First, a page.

Self-driving cars could be seen on the UK’s motorways this year as the DfT looks set to allow new automated technology to be used in slow moving traffic.
Motorists could leave the driving to their car – but only in slow traffic
Motorists could see self-driving cars on British roads for the first time later this year, the Department for Transport (DfT) has announced today.
Following a call for evidence, the government has set out how vehicles fitted with Automated Lane Keeping System (ALKS) technology could legally be defined as self-driving cars, as long as they receive GB type approval and that there is no evidence to challenge the vehicle’s ability to self-drive.
Designed for use on a motorway in slow traffic, ALKS enables a vehicle to drive itself in a single lane, while maintaining the ability to easily and safely return control to the driver when required.
The DfT says the technology could improve road safety by reducing human error, which contributes to over 85 per cent of accidents. The driver will be able to hand control over to the vehicle, which will constantly monitor speed and keep a safe distance from other cars.
Today’s announcement comes as a consultation on The Highway Code rules is launched to ensure the first wave of this technology is used safely and responsibly. This consultation will conclude on 28 May 2021.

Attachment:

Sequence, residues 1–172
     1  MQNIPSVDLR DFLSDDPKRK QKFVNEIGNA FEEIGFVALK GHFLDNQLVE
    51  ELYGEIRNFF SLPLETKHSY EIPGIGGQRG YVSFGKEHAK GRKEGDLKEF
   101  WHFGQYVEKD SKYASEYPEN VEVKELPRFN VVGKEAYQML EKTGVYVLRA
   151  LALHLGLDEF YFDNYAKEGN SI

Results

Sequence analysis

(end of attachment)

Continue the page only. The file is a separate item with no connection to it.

“This is a major step for the safe use of self-driving vehicles in the UK, making future journeys greener, easier and more reliable while also helping the nation to build back better,” said Transport Minister Rachel Maclean.
“But we must ensure that this exciting new tech is deployed safely, which is why we are consulting on what the rules to enable this should look like. In doing so, we can improve transport for all, securing the UK’s place as a global science superpower.”
According to the Department, self-driving technology in cars, buses and delivery vehicles could spark the beginning of the end of urban congestion, with traffic lights and vehicles speaking to each other to keep traffic flowing, reducing emissions and improving air quality in our towns and cities.
Not only are automated vehicles expected to improve road safety, the technology could also improve access to transport for people with mobility issues and lead to more reliable public transport services, helping to level-up access to transport in historically disconnected and rural areas.
“The automotive industry welcomes this vital step to permit the use of automated vehicles on UK roads, which will put Britain in the vanguard of road safety and automotive technology. Automated driving systems could prevent 47,000 serious accidents and save 3,900 lives over the next decade through their ability to reduce the single largest cause of road accidents – human error,” said Mike Hawes, Chief Executive of the Society of Motor Manufacturers and Traders (SMMT).
“Technologies such as Automated Lane Keeping Systems will pave the way for higher levels of automation in future – and these advances will unleash Britain’s potential to be a world leader in the development and use of these technologies, creating essential jobs while ensuring our roads remain among the safest on the planet.”